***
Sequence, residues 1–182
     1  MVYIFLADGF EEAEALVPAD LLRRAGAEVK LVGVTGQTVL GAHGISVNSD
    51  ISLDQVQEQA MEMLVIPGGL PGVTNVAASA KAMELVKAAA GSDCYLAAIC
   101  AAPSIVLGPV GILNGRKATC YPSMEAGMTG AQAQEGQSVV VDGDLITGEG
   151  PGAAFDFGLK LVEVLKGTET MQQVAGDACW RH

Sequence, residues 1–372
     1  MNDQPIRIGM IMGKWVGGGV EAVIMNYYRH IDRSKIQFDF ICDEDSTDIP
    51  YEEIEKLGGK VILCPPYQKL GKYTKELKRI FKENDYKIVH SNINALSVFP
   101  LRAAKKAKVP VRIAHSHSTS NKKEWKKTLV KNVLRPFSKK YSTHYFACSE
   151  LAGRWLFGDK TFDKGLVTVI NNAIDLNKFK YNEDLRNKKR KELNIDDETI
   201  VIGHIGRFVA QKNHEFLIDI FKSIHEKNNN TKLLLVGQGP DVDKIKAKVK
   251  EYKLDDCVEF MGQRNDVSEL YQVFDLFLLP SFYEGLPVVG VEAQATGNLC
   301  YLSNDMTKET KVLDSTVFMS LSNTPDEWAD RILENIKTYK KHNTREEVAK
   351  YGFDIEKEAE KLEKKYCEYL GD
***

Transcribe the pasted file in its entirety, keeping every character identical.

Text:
Sequence, residues 1–182
     1  MVYIFLADGF EEAEALVPAD LLRRAGAEVK LVGVTGQTVL GAHGISVNSD
    51  ISLDQVQEQA MEMLVIPGGL PGVTNVAASA KAMELVKAAA GSDCYLAAIC
   101  AAPSIVLGPV GILNGRKATC YPSMEAGMTG AQAQEGQSVV VDGDLITGEG
   151  PGAAFDFGLK LVEVLKGTET MQQVAGDACW RH

Sequence, residues 1–372
     1  MNDQPIRIGM IMGKWVGGGV EAVIMNYYRH IDRSKIQFDF ICDEDSTDIP
    51  YEEIEKLGGK VILCPPYQKL GKYTKELKRI FKENDYKIVH SNINALSVFP
   101  LRAAKKAKVP VRIAHSHSTS NKKEWKKTLV KNVLRPFSKK YSTHYFACSE
   151  LAGRWLFGDK TFDKGLVTVI NNAIDLNKFK YNEDLRNKKR KELNIDDETI
   201  VIGHIGRFVA QKNHEFLIDI FKSIHEKNNN TKLLLVGQGP DVDKIKAKVK
   251  EYKLDDCVEF MGQRNDVSEL YQVFDLFLLP SFYEGLPVVG VEAQATGNLC
   301  YLSNDMTKET KVLDSTVFMS LSNTPDEWAD RILENIKTYK KHNTREEVAK
   351  YGFDIEKEAE KLEKKYCEYL GD